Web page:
- Complaints system: If there are complaints, there are several possibilities: students can turn to the lecturer, the Head of Institute, the Head of Department, and Science Board (FH Kollegium) and the student’s representatives. There are few complaints from the side of the students, except complaints regarding grades. Recently there were incidents during the last Applied Summer School: complaints about grades, but also issues beyond FHJ, a student was harassed in a bar. Regarding the assessment of performance when it comes to grading, transparency is in place. The MIG strategy regarding occurrences of any form of discrimination will be to inform students more about support measures, e.g. the FHJ Equality and Diversity Office, and the Antidiscrimination Office Styria (the case of harassed student was reported to the Antidiscrimination Office).
STAFF: diversity as lived culture
- Maintain – and deepen – the diversity of staff and diversity as lived culture in the institute
- Good team spirit of working together in a diverse team, supporting each other.
- Inclusive language use: when there is a person present that is more comfortable with English, the means of communication is English.
- Open door policy and support by the head of the institute for members of staff.
- Flexibility regarding FHJ regulations and personal freedom and preferences of staff (e.g. regarding core time), Management by objectives versus FHJ procedures (core time). At IIB there is a flexibility regarding working hours, personal freedom of staff is given.
- Reflection what is going well is important. But sometimes there is a lack of time. A fixed occasion for reflection are the yearly appraisals.
Support for students by the lecturers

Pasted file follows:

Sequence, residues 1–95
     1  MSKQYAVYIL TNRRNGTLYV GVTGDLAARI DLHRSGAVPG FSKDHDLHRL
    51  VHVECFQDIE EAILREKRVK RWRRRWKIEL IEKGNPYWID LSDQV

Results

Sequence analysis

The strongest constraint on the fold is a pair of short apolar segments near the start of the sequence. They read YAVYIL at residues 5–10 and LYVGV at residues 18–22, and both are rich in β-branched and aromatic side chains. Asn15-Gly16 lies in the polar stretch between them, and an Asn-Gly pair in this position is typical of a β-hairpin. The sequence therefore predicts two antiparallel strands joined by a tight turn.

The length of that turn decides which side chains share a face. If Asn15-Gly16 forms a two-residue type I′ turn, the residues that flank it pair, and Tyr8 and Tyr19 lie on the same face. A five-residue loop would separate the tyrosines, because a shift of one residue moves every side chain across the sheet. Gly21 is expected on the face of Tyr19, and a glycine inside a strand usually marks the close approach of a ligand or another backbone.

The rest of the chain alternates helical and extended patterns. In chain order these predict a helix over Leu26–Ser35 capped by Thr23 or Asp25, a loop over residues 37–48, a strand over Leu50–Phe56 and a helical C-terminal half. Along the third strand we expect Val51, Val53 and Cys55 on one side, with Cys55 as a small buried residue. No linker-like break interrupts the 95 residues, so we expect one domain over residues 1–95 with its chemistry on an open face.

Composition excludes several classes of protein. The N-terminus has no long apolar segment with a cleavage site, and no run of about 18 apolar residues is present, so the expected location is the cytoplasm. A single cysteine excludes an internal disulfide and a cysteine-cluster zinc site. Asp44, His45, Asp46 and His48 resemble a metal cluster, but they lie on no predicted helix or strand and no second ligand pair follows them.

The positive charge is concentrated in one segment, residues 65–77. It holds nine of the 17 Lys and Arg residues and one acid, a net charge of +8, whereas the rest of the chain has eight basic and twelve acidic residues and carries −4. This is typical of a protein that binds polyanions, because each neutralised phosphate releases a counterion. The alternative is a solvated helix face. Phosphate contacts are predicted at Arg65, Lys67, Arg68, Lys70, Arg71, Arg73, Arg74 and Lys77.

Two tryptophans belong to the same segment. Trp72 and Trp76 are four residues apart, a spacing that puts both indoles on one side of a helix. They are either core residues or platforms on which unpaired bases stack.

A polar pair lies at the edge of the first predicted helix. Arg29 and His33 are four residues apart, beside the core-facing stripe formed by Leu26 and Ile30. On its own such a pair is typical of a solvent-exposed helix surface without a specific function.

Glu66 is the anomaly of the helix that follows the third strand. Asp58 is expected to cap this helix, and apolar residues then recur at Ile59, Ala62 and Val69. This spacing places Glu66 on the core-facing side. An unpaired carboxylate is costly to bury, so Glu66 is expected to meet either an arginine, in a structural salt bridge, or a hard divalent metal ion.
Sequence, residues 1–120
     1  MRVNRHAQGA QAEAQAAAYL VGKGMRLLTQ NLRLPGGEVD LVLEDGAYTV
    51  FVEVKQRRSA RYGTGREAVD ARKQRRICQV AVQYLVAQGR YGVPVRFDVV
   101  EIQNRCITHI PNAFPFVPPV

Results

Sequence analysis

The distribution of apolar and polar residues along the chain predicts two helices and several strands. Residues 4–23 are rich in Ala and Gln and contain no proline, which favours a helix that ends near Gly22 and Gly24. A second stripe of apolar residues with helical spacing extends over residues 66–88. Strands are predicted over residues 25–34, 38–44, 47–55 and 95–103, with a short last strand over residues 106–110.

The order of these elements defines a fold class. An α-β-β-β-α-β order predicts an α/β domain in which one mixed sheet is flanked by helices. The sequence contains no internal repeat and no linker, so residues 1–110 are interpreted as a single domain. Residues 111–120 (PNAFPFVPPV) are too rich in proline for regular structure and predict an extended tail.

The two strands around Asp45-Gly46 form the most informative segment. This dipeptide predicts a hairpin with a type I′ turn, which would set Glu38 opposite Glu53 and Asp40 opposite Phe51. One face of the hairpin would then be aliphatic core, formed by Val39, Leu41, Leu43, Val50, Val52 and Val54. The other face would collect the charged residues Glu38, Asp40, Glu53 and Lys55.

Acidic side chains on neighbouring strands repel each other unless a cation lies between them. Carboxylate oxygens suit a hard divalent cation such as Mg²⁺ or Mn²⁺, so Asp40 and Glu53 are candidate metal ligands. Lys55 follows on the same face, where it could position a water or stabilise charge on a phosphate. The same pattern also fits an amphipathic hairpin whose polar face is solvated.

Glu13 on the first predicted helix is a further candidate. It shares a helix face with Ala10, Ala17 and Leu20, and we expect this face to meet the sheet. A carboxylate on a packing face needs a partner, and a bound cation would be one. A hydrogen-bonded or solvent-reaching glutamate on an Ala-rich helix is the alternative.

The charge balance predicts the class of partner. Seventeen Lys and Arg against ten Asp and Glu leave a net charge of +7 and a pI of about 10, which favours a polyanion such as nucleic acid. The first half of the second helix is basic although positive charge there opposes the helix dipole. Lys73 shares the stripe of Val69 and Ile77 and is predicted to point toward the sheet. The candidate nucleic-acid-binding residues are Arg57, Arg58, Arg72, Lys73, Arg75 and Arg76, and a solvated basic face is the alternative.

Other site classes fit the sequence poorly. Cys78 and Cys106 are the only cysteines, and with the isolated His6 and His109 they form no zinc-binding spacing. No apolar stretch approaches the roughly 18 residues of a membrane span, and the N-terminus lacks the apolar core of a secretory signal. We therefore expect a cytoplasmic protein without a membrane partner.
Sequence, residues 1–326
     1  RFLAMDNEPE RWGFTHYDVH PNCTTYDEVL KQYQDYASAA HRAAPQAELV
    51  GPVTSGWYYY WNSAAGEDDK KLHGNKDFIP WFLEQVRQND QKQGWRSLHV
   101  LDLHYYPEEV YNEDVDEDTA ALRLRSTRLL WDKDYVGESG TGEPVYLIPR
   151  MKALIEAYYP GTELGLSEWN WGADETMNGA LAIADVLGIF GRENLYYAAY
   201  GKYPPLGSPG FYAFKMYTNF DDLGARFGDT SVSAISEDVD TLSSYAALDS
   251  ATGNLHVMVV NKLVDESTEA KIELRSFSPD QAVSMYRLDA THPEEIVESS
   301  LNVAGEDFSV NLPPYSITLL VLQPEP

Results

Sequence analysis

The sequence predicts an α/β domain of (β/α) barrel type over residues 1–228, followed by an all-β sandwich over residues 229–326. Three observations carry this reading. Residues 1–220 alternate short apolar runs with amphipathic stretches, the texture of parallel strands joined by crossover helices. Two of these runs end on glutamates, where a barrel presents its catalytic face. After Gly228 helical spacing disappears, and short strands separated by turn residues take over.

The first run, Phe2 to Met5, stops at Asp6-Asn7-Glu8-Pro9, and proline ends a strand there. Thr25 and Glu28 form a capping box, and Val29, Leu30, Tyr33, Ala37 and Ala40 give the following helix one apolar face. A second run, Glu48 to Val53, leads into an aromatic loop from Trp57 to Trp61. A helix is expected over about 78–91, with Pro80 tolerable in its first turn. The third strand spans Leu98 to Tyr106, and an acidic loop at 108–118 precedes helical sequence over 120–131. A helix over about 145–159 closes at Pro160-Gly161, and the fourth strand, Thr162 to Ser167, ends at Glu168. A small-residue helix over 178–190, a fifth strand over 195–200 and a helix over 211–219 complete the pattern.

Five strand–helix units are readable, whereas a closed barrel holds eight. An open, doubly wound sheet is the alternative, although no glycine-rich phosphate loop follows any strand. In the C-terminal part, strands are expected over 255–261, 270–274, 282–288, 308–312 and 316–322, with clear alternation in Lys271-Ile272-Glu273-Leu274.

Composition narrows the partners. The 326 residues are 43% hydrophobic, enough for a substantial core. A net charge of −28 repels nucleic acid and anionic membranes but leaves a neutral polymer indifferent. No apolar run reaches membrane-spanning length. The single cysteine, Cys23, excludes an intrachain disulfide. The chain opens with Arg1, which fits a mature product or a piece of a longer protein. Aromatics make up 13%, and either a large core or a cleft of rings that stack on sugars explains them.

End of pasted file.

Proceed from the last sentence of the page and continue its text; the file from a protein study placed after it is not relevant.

· Open door policy: It was stressed in the interviews that the institute has as open-door policy, that staff is widely available for personal meetings with students. If students don’t attend the courses, they are invite to talk, an interruption of studies or taking a leave is possible. · Support system: There is intensive support for students, in particular at MEM as well as at GBP and ASS, but also in the other programmes. The support comes from formally appointed persons, e.g. the international coordinators at the level of the institute. The international coordinator offers a lot of support to the students, on one hand regarding issues in relation to their studies, but on the other hand also regarding personal concerns such as health issues. Furthermore, the international students also can turn to the International Office for support. Moreover, also other committed lecturers are supporting students beyond the lectures. These provisions need resources also in the future (in particular time resources), this is essential for a good support of the students. In other institutes (e.g. Production Technology and Organization, PTO) one “captain” is responsible for support for one cohort, but not at MIG, staff has too many tasks, no additional tasks are feasible. · Adaption of the teaching to diverse students with different skills and preferences: e.g. speaking slowly for non-native speakers, working in small groups, using digital technology. When there is a lack of understanding (in English or German), one of the interviewed lecturers underlined, that she tries to explain it in an easier way and approach the students in small groups. The interviewee would like to know other strategies how to deal with this issue. Other colleagues say, it is not their 72 business if students don’t understand because lack of English skills (since appropriate language skills are an admission requirement), but for some lecturers it is important to give support nevertheless. · Using new teaching techniques: Technology such as e.g. word cloud (to query knowledge) are used and teaching is customised, to meet different needs. · Flexibility regarding assessment of performance: lectures use different methods for assessment to meet and correspond to the different needs and skills of students. Different options for assessment are chosen based on the abilities and needs of students. In a course of one of the lecturer’s interviewed, the students can choose whether they would like to do the final assessment in oral, a written exam or as a case study. Here different abilities and ways of learning are taken into account. Furthermore, considering different abilities is necessary for a fair assessment. When it comes to the assessment of performance, English native speakers are at an advantage. But some native speakers show less effort – that is taken into account as well regarding grading. So not only the performance, but also the effort shown are taken into consideration. Lecturers have to navigate between regulations and flexibility: there are FHJ rules and regulations (e.g. examination regulations), but some flexibility can be shown towards (international) students that struggle with the required academic performance and work load; e.g. longer deadlines for submission of papers are granted.